Sports franchises can be defined by their logos. They communicate identity and ideals; they represent everything from a team's character to its geographical roots; and, over time, they can become enduring symbols, shared on jerseys and hats and championship banners through the generations.
Back in 2005, Kristopher Bazen understood the gravity of his task. A graphic designer for Reebok, he was asked to invent a new logo for the Buffalo Sabres.
Bazen wanted to create something that conveyed speed and power, with a look that pushed the limits of logo design in the NHL. He wanted to make something that would become iconic for the franchise.
Instead, he helped create one of the most hated logos in professional sports history.
Bazen is the creator of the "Buffaslug," a furry horned cashew nut that spawned everything from ridicule to widespread — and eventually successful — fan protests asking for 'Death To the Slug.'
"It felt like [crap]," he recalled, reminiscing about the backlash.
Bazen, 32, was part of a collaborative effort between Reebok, the Sabres and the NHL that created the Slug. Ultimately, it was the team's call; but Bazen had a significant enough role in its inception that it stung badly when Buffalo's new logo earned a consistent place on "worst uniforms of all-time" lists.
He hasn't spoken much about his history with the infamous Sabres logo. He'd occasionally field questions on sports logo message boards like Chris Creamer's popular website, and popped up last year to defend the design after some other concepts were leaked, gaining coverage on the NHL logo site Icethetics. It was on Creamer's message board this week, however, where Bazen "came out" as the man behind the Slug this week.
He published a page of logo concepts on his personal blog, showing the evolution of the symbol from buffalo to Buffaslug.
The Internet is filled with designers who bemoan the quality of logos and jerseys; Bazen said one reason he decided to speak up about his work on the Buffaslug was to show "how the sausage is made" in creating a logo -- speaking as the man who fathered the Buffaslug.
"I wanted to show that we exhausted those options, and they decided to go in another direction. It wasn't due to a lack of effort," he said.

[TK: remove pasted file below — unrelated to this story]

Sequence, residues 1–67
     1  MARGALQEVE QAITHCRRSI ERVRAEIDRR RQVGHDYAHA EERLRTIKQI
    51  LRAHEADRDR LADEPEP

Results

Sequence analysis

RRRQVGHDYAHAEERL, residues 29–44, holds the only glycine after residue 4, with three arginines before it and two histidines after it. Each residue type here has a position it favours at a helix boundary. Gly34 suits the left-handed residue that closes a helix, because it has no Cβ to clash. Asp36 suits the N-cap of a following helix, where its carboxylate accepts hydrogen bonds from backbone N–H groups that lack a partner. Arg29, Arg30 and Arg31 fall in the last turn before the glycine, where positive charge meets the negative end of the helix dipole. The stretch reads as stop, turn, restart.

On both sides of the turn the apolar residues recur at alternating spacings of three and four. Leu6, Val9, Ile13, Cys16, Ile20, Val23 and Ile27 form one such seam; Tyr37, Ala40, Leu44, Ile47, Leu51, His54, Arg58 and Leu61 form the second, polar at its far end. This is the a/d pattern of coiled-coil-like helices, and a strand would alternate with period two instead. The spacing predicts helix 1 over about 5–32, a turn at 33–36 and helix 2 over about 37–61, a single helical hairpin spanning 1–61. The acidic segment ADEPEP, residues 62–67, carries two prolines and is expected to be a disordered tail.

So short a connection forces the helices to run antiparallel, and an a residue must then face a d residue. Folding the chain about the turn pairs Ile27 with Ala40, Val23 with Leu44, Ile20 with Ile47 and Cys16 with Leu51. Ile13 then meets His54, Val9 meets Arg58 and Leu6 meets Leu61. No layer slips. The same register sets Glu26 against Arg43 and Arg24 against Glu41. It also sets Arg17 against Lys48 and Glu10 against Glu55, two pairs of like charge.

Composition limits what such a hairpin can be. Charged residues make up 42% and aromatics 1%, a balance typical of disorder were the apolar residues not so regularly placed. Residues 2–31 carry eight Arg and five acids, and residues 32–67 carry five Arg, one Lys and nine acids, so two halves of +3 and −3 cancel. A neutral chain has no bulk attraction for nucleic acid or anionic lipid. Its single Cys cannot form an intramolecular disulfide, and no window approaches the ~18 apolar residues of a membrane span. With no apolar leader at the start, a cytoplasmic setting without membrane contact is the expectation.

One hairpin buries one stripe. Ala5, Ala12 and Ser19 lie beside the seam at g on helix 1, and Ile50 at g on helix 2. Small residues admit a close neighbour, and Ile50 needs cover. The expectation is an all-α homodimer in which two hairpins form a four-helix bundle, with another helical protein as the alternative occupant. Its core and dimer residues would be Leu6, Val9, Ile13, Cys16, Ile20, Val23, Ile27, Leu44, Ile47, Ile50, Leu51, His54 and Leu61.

THE SLOW CRAWL TO SCORN
Bazen grew up in Canton, Ohio, spending the majority of his formative years drawing everything from Bart Simpson to Michael Jordan. "I'd always been a sports logo designer. I was the kid in the classroom that was drawing from the [NBA] Skybox cards," he said.
It was in middle school when he started to learn there was money in art: He'd draw note-perfect recreations of Chicago Bulls and Charlotte Hornets logos, and then "sell" those works for items in other students' lunches. Eventually, he made a career out of graphic design.
In 2005, Bazen was around 25 years old and working for Reebok, which had just partnered with the NHL in revamping the League's hockey sweaters to make them tighter, faster and more water resistant. The Sabres saw this as an opportune time to change the look of their colors and logo from the red and black sweaters they were currently wearing. One goal was to move back to the traditional blue and gold of their more beloved jerseys. Another was to rethink their logo for modern times.
"We wanted to create something that would be iconic and a little more forward thinking. Reebok wanted to push the envelope somehow. I give them credit, because they tried to be innovative. The Sabres also wanted to go in a new direction, based on what they decided on," Bazen said.
His first concepts resembled the Sabres' previous blue and gold jerseys, which featured a "buffalo coin" with swords crossed and a charging bison from right to left. Bazen began manipulating the buffalo in the logo, changing the perspective on it and giving it the feeling of forward progress.
During the process, Bazen's new logo lost its legs but kept its momentum. This new bison, the eventual basis for the Buffaslug, was placed inside the "coin." Eventually it was decided that the Sabres wanted something that didn't involve the circle.